To see the original blog on skolithos trace fossils click here
Skolithos is a common type of trace fossil that has been found in rocks as old as 541 million years. Trace fossils are not the fossilized remains of organisms but rather the burrows, footprints, and other structures that resulted from the animal’s activities.
In the case of skolithos, it’s widely believed that a vermiform (resembling a worm) animal created the straight, vertical, tube structures. These worm-like critters probably lived by filtering plankton from the turbulent water of a shallow marine environment. The vertical tubes may have been a dwelling place to retreat to, though their specific purpose is not known.
In the above picture, captured in north central Arkansas, a sandstone has weathered to reveal skolithos traces permeating the approximately 460 million year old rock. This example is from an exposure of the St. Peter Formation, Buffalo National River Park, Marion County, Arkansas.
To see more views of skolithos traces from Arkansas click here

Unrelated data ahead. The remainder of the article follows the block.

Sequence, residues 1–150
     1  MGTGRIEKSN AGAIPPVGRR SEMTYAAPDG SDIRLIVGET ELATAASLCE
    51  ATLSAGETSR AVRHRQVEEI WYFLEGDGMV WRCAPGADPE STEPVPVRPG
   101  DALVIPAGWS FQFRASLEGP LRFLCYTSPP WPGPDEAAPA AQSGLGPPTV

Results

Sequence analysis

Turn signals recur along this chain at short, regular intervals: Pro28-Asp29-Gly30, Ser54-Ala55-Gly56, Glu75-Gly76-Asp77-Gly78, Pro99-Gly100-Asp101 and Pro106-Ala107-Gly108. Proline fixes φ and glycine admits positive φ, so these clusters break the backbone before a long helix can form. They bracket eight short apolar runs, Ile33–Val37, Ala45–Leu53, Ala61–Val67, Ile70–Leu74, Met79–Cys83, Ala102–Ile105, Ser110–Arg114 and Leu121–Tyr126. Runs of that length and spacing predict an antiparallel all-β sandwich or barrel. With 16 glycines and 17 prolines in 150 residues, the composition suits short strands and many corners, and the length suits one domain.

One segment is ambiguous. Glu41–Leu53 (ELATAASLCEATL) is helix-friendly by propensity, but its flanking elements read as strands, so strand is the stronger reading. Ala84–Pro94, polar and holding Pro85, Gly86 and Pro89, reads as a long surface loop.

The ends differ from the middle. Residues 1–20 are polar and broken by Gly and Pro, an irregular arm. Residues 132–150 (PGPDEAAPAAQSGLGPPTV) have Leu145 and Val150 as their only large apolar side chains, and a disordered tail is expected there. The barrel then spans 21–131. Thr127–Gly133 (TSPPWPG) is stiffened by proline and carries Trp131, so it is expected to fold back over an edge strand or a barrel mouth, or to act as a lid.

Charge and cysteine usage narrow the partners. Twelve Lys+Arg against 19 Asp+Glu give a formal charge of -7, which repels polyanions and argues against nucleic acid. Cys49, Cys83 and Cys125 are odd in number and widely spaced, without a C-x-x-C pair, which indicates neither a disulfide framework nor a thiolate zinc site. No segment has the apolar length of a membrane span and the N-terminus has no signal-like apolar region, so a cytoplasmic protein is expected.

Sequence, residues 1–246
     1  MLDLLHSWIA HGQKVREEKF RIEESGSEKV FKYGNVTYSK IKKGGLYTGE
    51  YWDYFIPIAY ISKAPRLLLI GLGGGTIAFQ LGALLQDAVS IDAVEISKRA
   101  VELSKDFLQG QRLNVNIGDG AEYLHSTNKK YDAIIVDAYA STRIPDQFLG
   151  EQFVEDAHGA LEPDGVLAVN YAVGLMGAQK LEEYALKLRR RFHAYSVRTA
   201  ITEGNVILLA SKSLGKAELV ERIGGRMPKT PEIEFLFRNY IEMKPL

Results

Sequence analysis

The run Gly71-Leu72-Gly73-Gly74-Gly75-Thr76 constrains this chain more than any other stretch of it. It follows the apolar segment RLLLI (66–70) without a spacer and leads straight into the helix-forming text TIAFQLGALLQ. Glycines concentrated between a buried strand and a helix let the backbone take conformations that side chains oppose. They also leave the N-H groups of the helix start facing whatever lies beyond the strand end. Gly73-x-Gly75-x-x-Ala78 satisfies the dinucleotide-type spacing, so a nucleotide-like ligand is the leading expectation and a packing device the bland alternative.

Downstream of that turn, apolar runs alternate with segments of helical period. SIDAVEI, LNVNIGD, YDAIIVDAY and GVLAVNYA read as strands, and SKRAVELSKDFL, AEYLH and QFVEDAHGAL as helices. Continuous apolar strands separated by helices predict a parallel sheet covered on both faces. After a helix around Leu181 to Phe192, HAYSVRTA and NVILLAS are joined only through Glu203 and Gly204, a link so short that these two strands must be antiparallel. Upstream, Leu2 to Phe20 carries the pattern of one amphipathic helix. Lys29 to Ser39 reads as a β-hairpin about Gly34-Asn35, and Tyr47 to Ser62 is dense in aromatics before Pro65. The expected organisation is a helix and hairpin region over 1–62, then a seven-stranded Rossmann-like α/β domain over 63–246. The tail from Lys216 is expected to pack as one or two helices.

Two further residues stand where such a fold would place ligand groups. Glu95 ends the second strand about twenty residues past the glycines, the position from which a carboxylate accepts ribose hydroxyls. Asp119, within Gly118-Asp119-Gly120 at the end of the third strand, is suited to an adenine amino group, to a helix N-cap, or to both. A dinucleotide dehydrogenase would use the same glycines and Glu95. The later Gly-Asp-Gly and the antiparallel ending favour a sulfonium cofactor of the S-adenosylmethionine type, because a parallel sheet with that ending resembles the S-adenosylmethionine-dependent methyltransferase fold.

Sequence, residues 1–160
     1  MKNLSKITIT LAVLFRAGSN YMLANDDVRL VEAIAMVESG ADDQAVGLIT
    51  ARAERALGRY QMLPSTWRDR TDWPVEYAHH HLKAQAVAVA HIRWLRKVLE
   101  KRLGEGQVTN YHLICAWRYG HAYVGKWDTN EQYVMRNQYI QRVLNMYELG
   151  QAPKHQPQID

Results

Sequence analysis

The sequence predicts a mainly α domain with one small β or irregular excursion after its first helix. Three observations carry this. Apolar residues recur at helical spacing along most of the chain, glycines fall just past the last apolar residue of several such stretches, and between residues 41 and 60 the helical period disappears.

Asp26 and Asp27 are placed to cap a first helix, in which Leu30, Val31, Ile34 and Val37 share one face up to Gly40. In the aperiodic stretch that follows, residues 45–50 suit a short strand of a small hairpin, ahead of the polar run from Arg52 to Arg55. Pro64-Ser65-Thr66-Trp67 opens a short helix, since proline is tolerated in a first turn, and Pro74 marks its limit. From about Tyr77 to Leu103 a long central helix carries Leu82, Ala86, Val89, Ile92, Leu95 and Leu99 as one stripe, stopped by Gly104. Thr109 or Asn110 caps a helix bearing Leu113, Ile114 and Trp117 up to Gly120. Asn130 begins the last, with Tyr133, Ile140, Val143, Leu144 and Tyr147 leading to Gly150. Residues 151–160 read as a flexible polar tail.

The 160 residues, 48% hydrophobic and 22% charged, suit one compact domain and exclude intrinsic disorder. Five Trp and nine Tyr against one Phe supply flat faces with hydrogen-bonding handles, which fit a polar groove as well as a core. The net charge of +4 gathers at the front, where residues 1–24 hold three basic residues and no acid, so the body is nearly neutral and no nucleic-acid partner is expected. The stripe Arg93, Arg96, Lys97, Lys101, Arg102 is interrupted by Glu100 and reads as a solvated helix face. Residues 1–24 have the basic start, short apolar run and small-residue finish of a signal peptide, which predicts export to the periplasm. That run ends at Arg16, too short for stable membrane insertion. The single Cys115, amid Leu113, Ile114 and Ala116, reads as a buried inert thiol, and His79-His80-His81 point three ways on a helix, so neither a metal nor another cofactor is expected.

Zinc ore collected in 1943 from the Rush Creek Mining District, Marion County, Arkansas. The brown mineral is sphalerite: an ore of zinc. The pink mineral is dolomite – it’s pretty, but not economically valuable. They were both deposited on the gray dolostone; you can just make it out on the right, in back.
Zinc deposits are found throughout northern Arkansas, commonly with the lead mineral, galena. They’re most abundant in Marion County, in a two mile stretch of rugged terrain, along Rush Creek, where 4 faults come together. That area was mined for lead and zinc in the late 1800s and early 1900s.
It’s typical to find rich ore deposits in rock that’s been fractured by faulting. The fractures facilitate migration of mineral-rich ground water which deposits the ore minerals in the fractures. It’s hard to see in the picture, but the fractured dolostone rock, in this specimen, is bound together by the sphalerite and dolomite minerals.